Lewis is probably the last person that many want to see in center field given his injury history out there. However, Lewis tearing his ACL was due to a freak accident while running into the wall. I wouldn’t say he is any safer in the infield than out there. All things considered, Lewis is the best option especially with such a crowded infield.

The final option and a bit of a wild card is former top prospect Austin Martin. Martin was drafted because of his bat and lacks a true position defensively. He can hold his own in center field but don’t expect a gold glove. The real question with Martin now is his bat.

For a player who was drafted fifth overall due to his offensive success in college, he has really struggled. He walks a lot but do not expect more than 10 home runs in a season. He is capable of stealing bases but not at a high volume. I am not sure if the Twins need a singles hitter who plays below average defense in center on a regular basis, but Martin could see an opportunity.


The Twins are returning a lot of key pieces from the 2023 season. While they are in good position as is, there are some moves to be made to improve the team for 2024. The Twins currently have $92 million on the payroll for 2024 (not including the two player options).

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This gives them roughly $60 million to play with to get back to the 2023 total of $156 million. That is plenty of money to make moves and do some damage in free agency.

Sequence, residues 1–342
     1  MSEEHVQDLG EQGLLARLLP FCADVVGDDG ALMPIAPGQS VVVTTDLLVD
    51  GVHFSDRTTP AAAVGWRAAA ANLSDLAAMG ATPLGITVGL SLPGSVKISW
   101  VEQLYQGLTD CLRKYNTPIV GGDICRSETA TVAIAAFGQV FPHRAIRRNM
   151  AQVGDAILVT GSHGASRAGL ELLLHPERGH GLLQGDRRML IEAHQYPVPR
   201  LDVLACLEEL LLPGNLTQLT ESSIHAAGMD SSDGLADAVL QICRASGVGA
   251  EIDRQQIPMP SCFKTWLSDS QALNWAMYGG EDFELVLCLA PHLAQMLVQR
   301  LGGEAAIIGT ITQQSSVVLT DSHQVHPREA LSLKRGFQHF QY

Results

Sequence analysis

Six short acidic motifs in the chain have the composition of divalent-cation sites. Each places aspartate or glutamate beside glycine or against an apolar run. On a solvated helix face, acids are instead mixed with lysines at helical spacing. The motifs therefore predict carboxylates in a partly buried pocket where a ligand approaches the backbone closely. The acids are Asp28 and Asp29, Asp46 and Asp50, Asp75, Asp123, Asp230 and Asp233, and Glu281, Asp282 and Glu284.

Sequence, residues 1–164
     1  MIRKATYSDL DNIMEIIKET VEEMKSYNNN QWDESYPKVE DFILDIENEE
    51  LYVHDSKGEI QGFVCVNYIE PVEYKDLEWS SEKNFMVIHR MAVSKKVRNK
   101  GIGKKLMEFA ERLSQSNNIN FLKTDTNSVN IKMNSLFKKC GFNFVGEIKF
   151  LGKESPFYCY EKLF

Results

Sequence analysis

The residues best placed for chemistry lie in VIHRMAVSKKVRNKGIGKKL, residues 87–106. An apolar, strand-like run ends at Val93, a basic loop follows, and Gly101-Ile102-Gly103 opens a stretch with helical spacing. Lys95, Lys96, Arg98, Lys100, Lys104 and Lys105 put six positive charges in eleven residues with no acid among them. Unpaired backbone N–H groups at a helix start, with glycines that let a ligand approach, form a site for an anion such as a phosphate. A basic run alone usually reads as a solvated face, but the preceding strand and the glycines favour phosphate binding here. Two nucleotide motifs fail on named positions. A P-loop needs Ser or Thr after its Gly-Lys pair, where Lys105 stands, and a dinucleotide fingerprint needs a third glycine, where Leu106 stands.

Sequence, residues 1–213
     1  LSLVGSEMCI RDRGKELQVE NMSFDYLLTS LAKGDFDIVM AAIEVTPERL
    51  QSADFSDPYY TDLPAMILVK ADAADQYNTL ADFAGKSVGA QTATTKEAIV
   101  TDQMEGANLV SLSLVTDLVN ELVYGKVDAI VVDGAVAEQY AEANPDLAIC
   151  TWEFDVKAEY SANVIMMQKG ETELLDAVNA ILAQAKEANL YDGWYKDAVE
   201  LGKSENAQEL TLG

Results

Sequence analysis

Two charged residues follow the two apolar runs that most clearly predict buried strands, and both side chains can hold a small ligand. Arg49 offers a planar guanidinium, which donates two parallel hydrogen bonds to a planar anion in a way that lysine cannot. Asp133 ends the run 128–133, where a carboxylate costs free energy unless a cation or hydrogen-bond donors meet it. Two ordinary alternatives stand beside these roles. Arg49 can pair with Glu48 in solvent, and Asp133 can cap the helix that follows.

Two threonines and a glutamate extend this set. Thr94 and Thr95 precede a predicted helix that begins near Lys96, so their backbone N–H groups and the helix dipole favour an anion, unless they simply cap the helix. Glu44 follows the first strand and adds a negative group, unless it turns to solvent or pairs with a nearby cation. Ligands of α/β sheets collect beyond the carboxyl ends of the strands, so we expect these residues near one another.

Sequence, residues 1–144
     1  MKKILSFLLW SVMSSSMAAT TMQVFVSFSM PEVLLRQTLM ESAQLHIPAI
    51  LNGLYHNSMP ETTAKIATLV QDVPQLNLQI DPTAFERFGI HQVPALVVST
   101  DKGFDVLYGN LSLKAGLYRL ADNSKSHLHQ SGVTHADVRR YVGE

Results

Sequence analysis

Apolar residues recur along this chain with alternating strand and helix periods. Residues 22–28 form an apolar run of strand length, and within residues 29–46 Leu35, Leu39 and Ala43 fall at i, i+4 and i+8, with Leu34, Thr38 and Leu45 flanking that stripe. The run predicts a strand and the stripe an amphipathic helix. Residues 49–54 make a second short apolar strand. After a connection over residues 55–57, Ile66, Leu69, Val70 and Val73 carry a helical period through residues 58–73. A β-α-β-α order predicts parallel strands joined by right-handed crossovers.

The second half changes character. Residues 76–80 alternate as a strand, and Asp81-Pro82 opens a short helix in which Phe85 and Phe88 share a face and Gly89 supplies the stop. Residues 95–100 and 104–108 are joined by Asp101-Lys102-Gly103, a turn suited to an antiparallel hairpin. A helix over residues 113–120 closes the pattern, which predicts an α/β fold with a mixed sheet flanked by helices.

The most important move should be the re-signing of Sonny Gray. The rotation played the largest role in the teams success this year and reloading it should be priority number one. A couple of minor acquisitions should be enough to boost the lineup and improve the offense.

With that said, don’t rule the Twins out of making a big splash. They pursued Carlos Correa relentlessly and it paid off for them last year.

The 2023 season was a success and the 2024 season starts in just a couple of weeks when free agency goes live. Twins fans have a lot to be excited about for next year. This team should be hungry to retain the division title. I fully expect the Twins to improve upon their 2023 success into 2024.